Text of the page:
We don't want to downplay the near-term risks related to the coronavirus outbreak. Global growth is anticipated to slow significantly and some economies may get tipped into recession, including ours. This is going to hurt. I’ll also note that there are factors surrounding the economic backdrop with respect to the coronavirus that are unique, which means history is less of a guide. But there are definite similarities to past bear markets. Investor time horizons begin to shorten and tunnel vision starts setting in. For many, worst case scenarios become the de facto forecast by which long term investment decisions get made. As long term investors we have to fight the fear instinct.
Given the swift market correction I am beginning to see buying opportunities both here and abroad for longer-term investors. Yes, there are still plenty of near-term unknowns for our economy that will keep us on edge, jobs will be lost as will profits and capital spending, which was already weak is now going to get even weaker. That said eventually there will be a recovery, we will get through this, and pressure on the markets will alleviate.
Coronavirus: When Will It Peak?
That pressure alleviation could happen as soon as a month or two from now assuming this virus is seasonal. We don’t know if this specific virus will be seasonal but the history with similar viruses suggest that it is a reasonable assumption. There are a number of reasons that viruses are seasonal, but the main factors are sunshine, heat, and humidity. Understand though, that warmer weather doesn't mean this goes away. We’ve all had the flu in the summer at some point in the past – it just happens less often. There is also the risk that it comes back in the Fall, though we will be much more prepared if it does. In any case, what we investors care about is the trend, a slowing in the pace of cases and deaths will be very comforting for the markets. Another consideration is that just as the Coronavirus tensions ease the combined effects of monetary and fiscal stimulus could be feeding into our economy.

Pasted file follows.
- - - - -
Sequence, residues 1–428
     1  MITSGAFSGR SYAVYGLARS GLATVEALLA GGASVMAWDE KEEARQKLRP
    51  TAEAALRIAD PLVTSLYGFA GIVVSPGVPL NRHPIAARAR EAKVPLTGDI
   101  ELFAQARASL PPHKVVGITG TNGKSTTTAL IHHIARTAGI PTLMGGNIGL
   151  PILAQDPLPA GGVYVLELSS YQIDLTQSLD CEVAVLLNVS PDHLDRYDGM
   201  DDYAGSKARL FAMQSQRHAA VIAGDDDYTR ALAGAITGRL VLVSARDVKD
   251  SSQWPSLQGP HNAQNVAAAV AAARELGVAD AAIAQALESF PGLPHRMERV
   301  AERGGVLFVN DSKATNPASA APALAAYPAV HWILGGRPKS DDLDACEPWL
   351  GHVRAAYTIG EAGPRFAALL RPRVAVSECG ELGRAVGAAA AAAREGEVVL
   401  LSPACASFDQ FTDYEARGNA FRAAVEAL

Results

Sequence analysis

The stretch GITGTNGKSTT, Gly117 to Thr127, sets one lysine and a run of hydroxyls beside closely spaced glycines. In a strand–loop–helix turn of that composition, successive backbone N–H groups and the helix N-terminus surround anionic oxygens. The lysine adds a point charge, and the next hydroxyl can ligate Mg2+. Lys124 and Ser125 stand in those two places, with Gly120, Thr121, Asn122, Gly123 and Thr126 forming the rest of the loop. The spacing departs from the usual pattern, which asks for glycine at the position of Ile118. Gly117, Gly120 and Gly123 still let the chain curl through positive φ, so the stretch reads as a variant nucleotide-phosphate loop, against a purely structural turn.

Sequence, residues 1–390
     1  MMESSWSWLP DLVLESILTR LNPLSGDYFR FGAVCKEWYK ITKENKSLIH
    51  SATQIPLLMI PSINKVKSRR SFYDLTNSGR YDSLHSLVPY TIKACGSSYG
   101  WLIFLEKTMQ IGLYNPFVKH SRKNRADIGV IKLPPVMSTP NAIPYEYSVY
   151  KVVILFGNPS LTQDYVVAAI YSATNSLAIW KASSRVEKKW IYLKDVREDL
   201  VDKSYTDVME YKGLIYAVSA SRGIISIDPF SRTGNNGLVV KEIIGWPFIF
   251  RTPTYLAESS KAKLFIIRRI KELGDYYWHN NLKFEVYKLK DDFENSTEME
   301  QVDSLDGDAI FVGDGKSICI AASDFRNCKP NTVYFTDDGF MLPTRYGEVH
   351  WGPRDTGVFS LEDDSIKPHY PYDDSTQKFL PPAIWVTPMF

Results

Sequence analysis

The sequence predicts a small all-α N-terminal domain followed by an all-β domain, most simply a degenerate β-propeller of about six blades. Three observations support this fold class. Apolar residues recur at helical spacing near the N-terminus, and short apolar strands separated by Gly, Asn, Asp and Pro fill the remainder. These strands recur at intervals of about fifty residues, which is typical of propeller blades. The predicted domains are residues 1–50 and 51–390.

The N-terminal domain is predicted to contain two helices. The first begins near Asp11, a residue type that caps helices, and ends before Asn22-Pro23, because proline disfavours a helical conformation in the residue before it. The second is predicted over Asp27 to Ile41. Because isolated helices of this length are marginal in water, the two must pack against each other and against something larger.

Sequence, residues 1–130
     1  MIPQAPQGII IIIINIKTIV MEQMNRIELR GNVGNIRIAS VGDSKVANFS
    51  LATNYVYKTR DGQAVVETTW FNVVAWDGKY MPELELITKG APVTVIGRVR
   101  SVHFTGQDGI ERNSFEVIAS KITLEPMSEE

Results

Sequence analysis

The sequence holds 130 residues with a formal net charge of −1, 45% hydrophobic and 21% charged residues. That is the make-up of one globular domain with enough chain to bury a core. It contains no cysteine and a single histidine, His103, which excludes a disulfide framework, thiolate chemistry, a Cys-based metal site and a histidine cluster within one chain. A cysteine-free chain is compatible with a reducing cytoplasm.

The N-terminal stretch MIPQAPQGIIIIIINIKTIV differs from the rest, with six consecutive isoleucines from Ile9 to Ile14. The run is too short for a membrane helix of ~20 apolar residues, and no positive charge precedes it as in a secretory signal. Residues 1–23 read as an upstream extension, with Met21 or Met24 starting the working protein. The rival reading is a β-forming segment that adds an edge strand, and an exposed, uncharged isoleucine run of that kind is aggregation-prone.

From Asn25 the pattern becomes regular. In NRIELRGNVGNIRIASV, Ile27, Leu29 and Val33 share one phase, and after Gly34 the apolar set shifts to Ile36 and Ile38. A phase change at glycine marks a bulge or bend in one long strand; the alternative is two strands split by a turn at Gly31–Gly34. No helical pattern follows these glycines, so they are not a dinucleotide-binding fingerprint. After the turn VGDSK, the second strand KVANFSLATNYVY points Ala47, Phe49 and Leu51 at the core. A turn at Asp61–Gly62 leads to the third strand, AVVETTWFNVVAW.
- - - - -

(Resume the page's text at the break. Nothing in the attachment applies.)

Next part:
It is truly incredible the speed with which the markets have corrected. The S&P 500 saw its quickest fall into a bear market in history. At the same time investment grade bonds rallied. The yield on the Barclays AGG hit all-time lows. That suggests that portfolios could be out of balance. That is one of the actions we are suggesting, for long-term investments we suggest you consider taking advantage of higher priced bonds and lower priced stocks and consider rebalancing portfolios.
We would also suggest for those clients that have built up cash that they begin averaging it into risk assets.
The other thought with respect to the speed of this market decline is that it likely created market dislocations, something an active portfolio manager could potentially take advantage of. We would lean toward putting new money to work in actively managed strategies as opposed to strategies that simply track an index.
The information provided represents Touchstone’s views and observations regarding past and current market conditions and investor behaviors. The information and statements provided here are believed to be true and accurate. There can be no assurance however that the beliefs expressed herein will be consistent with future market conditions and investor behaviors.
This commentary is for informational purposes only and should not be used or construed as an offer to sell, a solicitation of an offer to buy or a recommendation to buy, sell or hold any security. Investing in an index is not possible. Investing involves risk, including the possible loss of principal and fluctuation of value. Past performance is no guarantee of future results.
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